YOU WILL NEVER CATCH ME SAYING that pizza has to only be one way. Pizza is a hut with many mansions, as far as I’m concerned, but I have to admit that the spread of Neapolitan-style pizza in Chicago over the last decade or so has evolved my outlook. Some days I want excess, some days I want greasy cheapness, but if I want zen perfection, Neapolitan is the style for me—it’s pizza at its peak of balance, chewy, feather-light crust, tangy acidic tomatoes, mellow creamy mozzarella, a little green brightness from basil.
But okay, some people don’t love that, as some people don’t love Santa Claus or puppies. That’s my interpretation, I should say, not how it’s put by Simone Falco, who is the CEO of Rossopomodoro at Eataly USA. If you ever thought about whether the pizza section at Eataly in Chicago had a name, you probably thought it was La Pizza & La Pasta, which is what the main sign over that area says. But in fact it’s an outpost of Rossopomodoro, “red tomato,” a family-run Naples pizza chain now with locations all over Eataly’s world. Falco, tall and humorously charming with a shaggy head of hair (he reminds me of the comic actor Richard Libertini), is Neapolitan pizza’s perfect ambassador.
“Rossopomodoro is a partner with Eataly, all in the western hemisphere,” Falco says as we stand a little after lunchtime in front of the gleaming gold-tiled woodburning ovens, pizzaiolos busily patting out crusts and twirling them into the ovens on long paddles. “We partnered with them since New York opened in 2010. And we’ve always done the classical Neapolitan pizza.”
But the most authentic Neapolitan pizza has characteristics that some Americans find a little weird—it’s soft in the center, and a little wet from the juice from the tomatoes, not crisped up like an American slice of pizza. Knife and fork pizza. So Eataly and Rossopomodoro decided to create other styles of pizza, to appeal to people who didn’t love the archetypal Neapolitan. In Naples, or Napoli as he says it, Falco says “pizza can take different [forms], different nuances. Historically, geographically, dietary.”
To give me context, he reaches into one of four wooden, glass-top bins, and pulls out a round of dough. As uniform in its off-white color as a ball of mozzarella, thanks to the ultrafine “00” flour, smooth but dotted with tiny little bubbles under the surface, this is what we know as Neapolitan pizza dough. “You see how much air is inside?” he says. “We try not to work the dough too much, that’s a mistake people make. You do so much to accumulate the air, you don’t want to squeeze it out.”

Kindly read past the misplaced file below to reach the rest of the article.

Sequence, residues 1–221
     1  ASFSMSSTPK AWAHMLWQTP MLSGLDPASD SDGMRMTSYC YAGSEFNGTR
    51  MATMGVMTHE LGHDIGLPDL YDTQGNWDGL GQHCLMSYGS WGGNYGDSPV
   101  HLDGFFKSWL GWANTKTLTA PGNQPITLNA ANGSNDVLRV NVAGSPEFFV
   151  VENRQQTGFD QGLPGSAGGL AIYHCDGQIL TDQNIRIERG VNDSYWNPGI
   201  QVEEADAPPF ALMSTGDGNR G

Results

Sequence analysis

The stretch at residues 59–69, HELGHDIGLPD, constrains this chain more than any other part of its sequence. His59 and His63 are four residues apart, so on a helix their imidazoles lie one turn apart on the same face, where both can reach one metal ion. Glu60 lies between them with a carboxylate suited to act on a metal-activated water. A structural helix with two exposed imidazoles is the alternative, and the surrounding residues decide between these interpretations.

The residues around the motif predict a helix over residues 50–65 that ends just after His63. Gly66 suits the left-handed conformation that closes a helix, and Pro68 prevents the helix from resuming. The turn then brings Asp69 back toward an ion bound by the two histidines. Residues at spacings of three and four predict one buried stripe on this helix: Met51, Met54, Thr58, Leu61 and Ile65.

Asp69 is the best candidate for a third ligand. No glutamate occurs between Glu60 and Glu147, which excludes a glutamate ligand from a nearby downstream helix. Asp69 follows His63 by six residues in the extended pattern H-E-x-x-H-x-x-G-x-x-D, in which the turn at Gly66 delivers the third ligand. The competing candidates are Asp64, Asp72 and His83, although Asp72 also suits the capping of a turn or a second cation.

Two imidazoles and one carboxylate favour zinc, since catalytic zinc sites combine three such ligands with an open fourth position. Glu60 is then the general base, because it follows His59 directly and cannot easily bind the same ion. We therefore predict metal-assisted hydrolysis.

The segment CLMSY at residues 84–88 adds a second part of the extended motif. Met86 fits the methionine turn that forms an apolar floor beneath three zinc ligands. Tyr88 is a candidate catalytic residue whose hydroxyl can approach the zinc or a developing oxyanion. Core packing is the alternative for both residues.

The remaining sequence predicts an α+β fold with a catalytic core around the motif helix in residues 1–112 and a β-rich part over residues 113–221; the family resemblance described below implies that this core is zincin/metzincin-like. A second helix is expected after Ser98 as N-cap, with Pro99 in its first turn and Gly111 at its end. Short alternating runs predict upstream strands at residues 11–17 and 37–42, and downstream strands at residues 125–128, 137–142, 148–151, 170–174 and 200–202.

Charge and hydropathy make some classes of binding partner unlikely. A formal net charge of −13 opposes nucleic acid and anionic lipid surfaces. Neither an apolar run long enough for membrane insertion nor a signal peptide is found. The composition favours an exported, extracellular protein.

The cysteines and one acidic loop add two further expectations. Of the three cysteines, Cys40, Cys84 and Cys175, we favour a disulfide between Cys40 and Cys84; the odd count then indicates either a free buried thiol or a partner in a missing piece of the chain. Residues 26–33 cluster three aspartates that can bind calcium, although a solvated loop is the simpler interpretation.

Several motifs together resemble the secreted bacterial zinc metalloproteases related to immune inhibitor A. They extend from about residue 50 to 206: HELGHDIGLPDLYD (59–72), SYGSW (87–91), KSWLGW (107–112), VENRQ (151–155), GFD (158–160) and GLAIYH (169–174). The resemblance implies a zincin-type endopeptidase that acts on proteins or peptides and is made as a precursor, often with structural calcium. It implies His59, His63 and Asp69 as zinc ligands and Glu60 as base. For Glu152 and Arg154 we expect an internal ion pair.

The Rustica is the one I connect with most, because it’s what my grandmother used to do. Bring it over, put some tomato on it, no mozzarella, because they didn’t have any money for that.
He puts it back and moves on. He pulls out another ball of dough. This time it’s flecked with whole wheat; it’s also bigger. It’s going to make a thicker pizza. “The pizza used to be built in the home, from the leftover bread,” he explains. “The rural areas and the suburbs around Napoli, I can tell you twelve small towns where the bread was made and brought to the city. So if the classical pizza is the gourmet, is the city pizza, the Rustica, the first [new] one that we make, is the one made with, not the ’00’ flour, but with the whole grain, like the bread, and has more of a rural feeling. We use the Type 1 kind of flour, which is a mix of the whole grain and the ’00’.”
Falco says, “The Rustica is the one I connect with most, because it’s what my grandmother used to do. Bring it over, put some tomato on it, no mozzarella, because they didn’t have any money for that.”
He pulls out a third ball of dough; this one is floppier, showing wrinkles as the skin is strained by its own weight. “Then Napoli also has the coastal side, Amalfi, the Sorrento, and the winds can dry it up a little bit. If you go to Vico Equenzo, you go to Sorrento, the pizza is crispier. We recreate this pizza in the Moderno version, which is a different way to produce the dough. It takes more than two days, it has much more water in it.”
“And it has to be cooked at a lower temperature. That’s why the two ovens now, one is fired by wood at 900 Fahrenheit and the pizza cooks in about 90 seconds, the other is activated by wood with coils in there, about 550. That would cover the Moderno one, and the Rustica, which take about 3-1/2 to 4 minutes. Another thing we are very proud of—we don’t cook the tomato. The only thing we do is mill it, and add salt. So it’s not really a sauce, just pure tomato.”